Warning: This STD can be spread from Tanning Beds
Tanning has been frowned upon for years, but new research has found that tanning beds are worse than previously thought. Tanning beds can harbor dangerous viruses, such as herpes. Read more about the danger below.
Herpes is a highly contagious virus that affects a large number of adults in the United States each year. According to data from the Center for Disease Control, about one out of every six adults in the United States have genital herpes (HSV-2). Oral herpes (HSV-1), is even more common with an infection rate of 50 percent in US adults.
According to some studies, HSV-1 can transform into HSV-2 in some cases, indicating that HSV-1 infections can be nearly as dangerous as HSV-2.
While in the past, researchers believed that genital herpes (HSV-2) could only be transmitted through sexual contact, new researcher has shown that it is possible to contract HSV-2 from other means, including transmission from HSV-1 and even through surface contact with contaminated surfaces.
Of particular note is the contagion risk from tanning beds. Read more about this danger and how to prevent the virus from spreading below:
According to dermatologist research, tanning beds often harbor unhealthy bacteria and viruses. According to research, if a person with an active herpes virus uses a tanning bed, the virus can live on the bed even though UV radiation is present. The level of UV radiation in tanning beds is not strong enough to kill the herpes virus.
In fact, dermatologists have determined that the heat from tanning beds may actually cause the herpes virus to spread and grow. Herpes is not the only risk from tanning beds. Infections such as staph infections, warts, and impetigo can also be transmitted through tanning beds.
According to a article by CBS News, tanning locations licensed through the state or city are more likely to be clean and sanitized.
There are three ways to avoid spreading herpes infection at tanning beds. If you have herpes, do not visit a tanning bed during an active outbreak. If you do not currently have herpes, only visit licensed and certified tanning companies and make sure to wipe down the tanning bed with a disinfecting cleaner before using the bed.
The best option to avoid the spread of herpes is to avoid tanning beds altogether. Dermatologists also warn that in some cases, the light and cleaners used in tanning beds can cause bacteria and viruses that are resistant to standard cleaners. Over time, if some of the virus is wiped out, but not all, the remaining virus is stronger and much harder to kill.
Herpes is often thought of as a sexually-transmitted disease, but there are other ways to become infected by the virus. Using a tanning bed is a high-risk practice for becoming infected with herpes and other bacterial or viral infections. If you note the following symptoms after visiting a tanning bed, you may have contracted herpes:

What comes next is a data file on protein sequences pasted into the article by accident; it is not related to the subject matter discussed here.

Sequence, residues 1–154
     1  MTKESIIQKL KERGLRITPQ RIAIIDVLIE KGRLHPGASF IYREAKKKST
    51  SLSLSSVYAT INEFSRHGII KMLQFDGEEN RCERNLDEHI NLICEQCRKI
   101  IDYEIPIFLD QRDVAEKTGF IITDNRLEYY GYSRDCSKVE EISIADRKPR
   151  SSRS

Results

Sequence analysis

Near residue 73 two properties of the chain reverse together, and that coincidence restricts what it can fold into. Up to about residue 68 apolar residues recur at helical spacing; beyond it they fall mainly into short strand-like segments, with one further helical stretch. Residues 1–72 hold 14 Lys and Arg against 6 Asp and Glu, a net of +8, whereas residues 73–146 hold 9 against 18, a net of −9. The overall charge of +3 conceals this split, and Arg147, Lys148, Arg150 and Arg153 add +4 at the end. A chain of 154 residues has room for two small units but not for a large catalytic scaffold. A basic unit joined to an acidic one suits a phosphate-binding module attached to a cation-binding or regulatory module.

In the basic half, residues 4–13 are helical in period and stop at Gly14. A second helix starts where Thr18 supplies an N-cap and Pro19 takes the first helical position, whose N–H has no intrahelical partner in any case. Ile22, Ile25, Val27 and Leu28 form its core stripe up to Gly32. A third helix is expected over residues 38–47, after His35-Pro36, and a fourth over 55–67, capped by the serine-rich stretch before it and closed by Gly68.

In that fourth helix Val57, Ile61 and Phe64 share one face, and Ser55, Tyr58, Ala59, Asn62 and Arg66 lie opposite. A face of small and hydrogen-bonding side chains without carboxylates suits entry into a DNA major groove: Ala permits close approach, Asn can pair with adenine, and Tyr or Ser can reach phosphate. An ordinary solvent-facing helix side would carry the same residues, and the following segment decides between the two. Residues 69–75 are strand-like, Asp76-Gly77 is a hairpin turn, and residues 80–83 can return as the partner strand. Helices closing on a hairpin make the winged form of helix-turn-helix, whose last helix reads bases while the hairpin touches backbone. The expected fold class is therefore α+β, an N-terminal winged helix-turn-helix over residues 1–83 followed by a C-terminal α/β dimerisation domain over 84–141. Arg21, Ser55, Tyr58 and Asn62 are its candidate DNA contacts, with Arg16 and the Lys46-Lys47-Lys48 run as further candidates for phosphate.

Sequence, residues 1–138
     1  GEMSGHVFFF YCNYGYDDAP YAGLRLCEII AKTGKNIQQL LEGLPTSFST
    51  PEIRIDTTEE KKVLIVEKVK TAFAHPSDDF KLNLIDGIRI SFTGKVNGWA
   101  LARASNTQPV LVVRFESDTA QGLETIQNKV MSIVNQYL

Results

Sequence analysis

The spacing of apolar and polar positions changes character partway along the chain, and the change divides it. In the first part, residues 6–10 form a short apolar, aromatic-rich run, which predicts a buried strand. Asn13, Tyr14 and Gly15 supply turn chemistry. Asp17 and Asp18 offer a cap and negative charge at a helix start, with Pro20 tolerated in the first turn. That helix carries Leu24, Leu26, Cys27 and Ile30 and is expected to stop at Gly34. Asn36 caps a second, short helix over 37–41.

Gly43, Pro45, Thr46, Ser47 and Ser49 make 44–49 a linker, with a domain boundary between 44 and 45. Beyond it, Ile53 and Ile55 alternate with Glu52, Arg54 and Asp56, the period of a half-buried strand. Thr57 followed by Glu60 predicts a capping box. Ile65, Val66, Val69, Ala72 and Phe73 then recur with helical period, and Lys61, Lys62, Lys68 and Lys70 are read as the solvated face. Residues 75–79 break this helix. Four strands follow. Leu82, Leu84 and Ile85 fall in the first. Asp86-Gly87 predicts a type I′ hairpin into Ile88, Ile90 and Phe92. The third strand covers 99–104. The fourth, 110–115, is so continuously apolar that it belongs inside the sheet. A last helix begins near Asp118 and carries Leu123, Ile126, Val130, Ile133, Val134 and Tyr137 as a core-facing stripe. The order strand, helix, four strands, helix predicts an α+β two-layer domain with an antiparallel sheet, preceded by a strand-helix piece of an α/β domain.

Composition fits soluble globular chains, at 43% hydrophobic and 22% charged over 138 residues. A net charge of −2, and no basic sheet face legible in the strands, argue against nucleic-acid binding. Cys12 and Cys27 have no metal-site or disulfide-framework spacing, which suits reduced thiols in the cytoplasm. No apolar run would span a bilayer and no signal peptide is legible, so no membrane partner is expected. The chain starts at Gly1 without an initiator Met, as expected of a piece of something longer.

It may be possible to have only a few herpes symptoms at a time, which can make spreading the virus easier. Someone infected by the virus may not even realize they have genital herpes.
Existing HSV-2 is trigged by a variety of conditions. The virus is always present in the body, but for most of the time, the body is able to prevent outbreaks. However, certain triggers can cause outbreaks ranging from mild to severe. Common triggers include:
Individuals with herpes can prevent the spread of herpes by taking care to reduce the number of outbreaks seen each year. While it is possible to spread the virus even without an active outbreak, it is less likely that the virus will spread to others if no active infection is present. Herpes outbreaks can be reduced by making the following changes:
Stress is a huge trigger from both HSV-1 and HSV-2. When the body is stressed, the immune system is compromised, leading to painful herpes outbreaks. Remove as much stress as possible using the following methods:
Exercise is a huge stress reliever. Exercise regularly for at least 30 minutes a day, three times a week. The type of exercise is not as important as the consistency and the amount of effort put in. Make exercise a priority and you will see an improvement in your overall health.
Stress builds up over time, which damages the immune system. Try to have targeted relaxation each day before bedtime, with practices such as yoga, meditation or prayer, warm baths, hot beverages, reading a book, or listening to soothing music. Avoid stimulating activities like exercise, watching TV, or checking e-mail right before bed. These can push stress levels high, interfering with peaceful sleep.
Sleep is important for reducing stress levels. Try to have a set sleep and wake time each day to regulate your biological clock. Remove blue lights from the bedroom, which can interfere with healthy sleep patterns. Do not use electronics in the bedroom. Keep the room as cool and dark as possible to promote healthy, restful sleep. Going outside in the sunlight around sunrise, noon, and sunset can also help regulate your sleep cycle.